- published on 22/05/2013
The winners of the inaugural Chant West | Conexus Financial Super Fund Awards were announced last night in a ceremony at Ivy Ballroom ... [more]
Mercer Investment Consulting is predicting another private equity bubble in the US and has warned clients that because of limited capacity of top-tier managers, many new investors may be disappointed with future returns.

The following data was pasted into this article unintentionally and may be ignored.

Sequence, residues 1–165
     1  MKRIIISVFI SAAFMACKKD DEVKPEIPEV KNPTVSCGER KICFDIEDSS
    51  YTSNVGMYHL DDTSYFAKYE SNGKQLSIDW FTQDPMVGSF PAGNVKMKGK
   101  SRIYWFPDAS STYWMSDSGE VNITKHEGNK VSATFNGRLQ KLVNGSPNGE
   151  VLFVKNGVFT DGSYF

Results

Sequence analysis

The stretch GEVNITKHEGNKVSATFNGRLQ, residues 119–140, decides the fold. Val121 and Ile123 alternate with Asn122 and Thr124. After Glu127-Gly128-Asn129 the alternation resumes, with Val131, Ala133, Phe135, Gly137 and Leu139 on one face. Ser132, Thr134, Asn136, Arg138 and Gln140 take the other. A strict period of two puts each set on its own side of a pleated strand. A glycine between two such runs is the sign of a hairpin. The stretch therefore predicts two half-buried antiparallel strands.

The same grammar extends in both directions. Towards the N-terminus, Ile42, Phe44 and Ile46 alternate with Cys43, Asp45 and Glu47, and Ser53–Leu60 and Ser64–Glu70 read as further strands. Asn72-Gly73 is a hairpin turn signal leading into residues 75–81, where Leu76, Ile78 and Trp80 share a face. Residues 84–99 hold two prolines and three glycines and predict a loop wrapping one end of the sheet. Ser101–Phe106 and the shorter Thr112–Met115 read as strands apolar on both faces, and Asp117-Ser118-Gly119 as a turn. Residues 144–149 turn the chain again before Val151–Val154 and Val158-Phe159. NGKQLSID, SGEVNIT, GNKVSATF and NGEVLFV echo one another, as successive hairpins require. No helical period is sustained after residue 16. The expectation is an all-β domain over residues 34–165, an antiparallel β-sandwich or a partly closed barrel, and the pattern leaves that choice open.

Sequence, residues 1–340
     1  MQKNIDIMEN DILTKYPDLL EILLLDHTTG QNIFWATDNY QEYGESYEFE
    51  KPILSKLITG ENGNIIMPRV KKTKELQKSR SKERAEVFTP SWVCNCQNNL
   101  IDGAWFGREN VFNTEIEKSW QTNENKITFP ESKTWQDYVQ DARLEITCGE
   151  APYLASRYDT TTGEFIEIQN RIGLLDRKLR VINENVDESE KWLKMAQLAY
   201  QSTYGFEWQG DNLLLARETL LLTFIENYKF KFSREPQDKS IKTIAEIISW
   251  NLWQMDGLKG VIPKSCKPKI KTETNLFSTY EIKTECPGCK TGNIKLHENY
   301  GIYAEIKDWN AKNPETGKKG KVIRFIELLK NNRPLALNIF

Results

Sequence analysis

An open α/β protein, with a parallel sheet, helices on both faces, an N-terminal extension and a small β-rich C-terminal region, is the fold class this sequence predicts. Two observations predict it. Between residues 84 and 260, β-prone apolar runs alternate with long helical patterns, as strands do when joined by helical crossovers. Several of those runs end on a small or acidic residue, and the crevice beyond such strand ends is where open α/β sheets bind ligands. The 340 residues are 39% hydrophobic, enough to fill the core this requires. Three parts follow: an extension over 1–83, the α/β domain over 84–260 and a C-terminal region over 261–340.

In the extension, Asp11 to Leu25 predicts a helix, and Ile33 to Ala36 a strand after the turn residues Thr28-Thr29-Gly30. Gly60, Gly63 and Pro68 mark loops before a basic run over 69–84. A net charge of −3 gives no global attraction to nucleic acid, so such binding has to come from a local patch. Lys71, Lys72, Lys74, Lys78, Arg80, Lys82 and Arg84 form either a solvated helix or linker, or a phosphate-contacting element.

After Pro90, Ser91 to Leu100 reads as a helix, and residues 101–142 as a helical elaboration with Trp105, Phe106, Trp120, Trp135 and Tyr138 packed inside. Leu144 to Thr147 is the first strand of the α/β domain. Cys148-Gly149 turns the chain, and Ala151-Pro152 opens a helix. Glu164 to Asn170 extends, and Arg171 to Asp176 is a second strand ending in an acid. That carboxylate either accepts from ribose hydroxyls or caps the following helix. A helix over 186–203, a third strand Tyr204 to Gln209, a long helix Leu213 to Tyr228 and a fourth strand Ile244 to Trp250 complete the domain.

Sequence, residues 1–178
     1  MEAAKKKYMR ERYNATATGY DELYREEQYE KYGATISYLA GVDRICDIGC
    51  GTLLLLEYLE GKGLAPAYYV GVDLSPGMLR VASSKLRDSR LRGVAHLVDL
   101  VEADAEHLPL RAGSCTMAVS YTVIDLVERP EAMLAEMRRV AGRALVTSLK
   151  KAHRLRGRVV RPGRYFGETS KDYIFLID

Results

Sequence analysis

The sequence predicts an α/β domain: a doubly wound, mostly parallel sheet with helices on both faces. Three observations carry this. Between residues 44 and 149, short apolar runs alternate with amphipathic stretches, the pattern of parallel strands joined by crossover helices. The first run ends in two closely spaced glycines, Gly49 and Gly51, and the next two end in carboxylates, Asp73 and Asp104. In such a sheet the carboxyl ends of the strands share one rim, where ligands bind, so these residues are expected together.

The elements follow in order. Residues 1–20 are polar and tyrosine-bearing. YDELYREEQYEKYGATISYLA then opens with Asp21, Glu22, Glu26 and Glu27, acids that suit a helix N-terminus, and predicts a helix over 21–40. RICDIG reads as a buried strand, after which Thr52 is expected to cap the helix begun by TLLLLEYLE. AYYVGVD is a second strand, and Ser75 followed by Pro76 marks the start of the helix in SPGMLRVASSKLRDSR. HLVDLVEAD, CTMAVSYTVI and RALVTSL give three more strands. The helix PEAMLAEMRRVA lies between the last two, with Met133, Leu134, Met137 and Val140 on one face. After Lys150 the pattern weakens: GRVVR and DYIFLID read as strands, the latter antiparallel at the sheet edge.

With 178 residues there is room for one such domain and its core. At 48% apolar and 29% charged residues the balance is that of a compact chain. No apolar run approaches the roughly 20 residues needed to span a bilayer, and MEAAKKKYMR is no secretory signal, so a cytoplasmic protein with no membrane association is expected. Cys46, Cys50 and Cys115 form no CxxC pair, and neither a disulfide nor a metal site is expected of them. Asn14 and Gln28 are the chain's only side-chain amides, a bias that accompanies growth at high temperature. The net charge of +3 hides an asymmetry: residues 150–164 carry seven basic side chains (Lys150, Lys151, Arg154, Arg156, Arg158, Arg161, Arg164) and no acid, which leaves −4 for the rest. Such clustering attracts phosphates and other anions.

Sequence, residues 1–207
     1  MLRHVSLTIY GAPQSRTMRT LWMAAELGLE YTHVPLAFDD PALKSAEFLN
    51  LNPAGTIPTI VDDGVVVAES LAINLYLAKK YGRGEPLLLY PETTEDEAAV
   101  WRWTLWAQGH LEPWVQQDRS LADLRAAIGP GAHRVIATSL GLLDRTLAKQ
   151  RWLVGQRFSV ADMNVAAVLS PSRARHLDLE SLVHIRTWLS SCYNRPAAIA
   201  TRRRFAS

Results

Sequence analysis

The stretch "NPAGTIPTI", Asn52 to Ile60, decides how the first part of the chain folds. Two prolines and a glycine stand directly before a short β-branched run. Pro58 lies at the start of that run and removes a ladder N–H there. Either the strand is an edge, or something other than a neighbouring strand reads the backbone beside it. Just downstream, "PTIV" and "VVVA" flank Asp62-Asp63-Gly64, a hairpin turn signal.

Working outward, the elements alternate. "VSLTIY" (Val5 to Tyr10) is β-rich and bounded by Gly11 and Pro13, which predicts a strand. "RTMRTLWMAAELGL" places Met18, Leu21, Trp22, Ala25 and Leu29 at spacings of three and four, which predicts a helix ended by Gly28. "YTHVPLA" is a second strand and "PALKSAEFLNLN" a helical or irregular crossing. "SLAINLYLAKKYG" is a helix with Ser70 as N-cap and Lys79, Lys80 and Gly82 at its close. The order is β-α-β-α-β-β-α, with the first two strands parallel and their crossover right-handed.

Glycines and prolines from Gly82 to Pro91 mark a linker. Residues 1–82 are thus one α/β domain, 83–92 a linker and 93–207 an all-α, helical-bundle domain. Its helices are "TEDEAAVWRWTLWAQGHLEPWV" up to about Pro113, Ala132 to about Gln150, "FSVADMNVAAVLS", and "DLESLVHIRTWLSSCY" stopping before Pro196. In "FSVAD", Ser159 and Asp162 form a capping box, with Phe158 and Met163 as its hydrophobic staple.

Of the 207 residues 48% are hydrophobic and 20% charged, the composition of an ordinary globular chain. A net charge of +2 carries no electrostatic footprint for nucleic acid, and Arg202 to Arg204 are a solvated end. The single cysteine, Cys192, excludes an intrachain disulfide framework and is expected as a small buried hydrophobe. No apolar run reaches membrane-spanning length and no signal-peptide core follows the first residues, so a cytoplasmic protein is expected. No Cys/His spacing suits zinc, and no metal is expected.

And the consultant’s European arm says that private equity managers in the buyout sector have raised large sums of money and face similar issues to those of the US. Caroline Aboutar, a Chicago-based senior consultant with Mercer specialising in private equity, says that the forthcoming US bubble will not be as severe as the one in the late 1990s. However, she says that due diligence is being rushed because of the flood of capital and limited availability of capacity. “Consequently, the effort to rapidly deploy as much capital as possible, coupled with pressure on deal valuations, may decrease return prospects,” she says. Mercer’s cautionary note is contained in its latest private equity newsletter to international clients. In this environment, investors in private equity must evaluate the talent and track record of private equity managers and take extra care to ensure that due diligence standards are met, the newsletter says. Private equity markets generated strong returns in 2005, dominated by the small-to-medium buyout market sector. Venture capital returns were buoyed by stronger IPO and M&A markets but continue to be plagued by the technology bust of 2000, which continues to be a drag on performance. Encouraged by robust investment activity and the realisation of profits from investment ventures, the first three quarters of 2005 saw an upsurge in private equity fundraising compared to the same period in 2004. This wave of new capital arises as limited partners boost alternatives targets or institute new allocations to private equity, a trend of the last few years that accelerated in 2005 and appears to be continuing in 2006. Aboutar says that, in the US, less time is being spent on due diligence because fund-raising schedules are being compressed. In Europe, the private equity market in Europe is similarly robust over the past year but investors face similar issues to those in the US. According to Sanjay Mistry, a London-based senior consultant with Mercer specialising in private equity: “With many changes taking place in the European private equity market, managers have lately attracted significant capital as many limited partner allocations are now equally split between the US and European buyout markets.”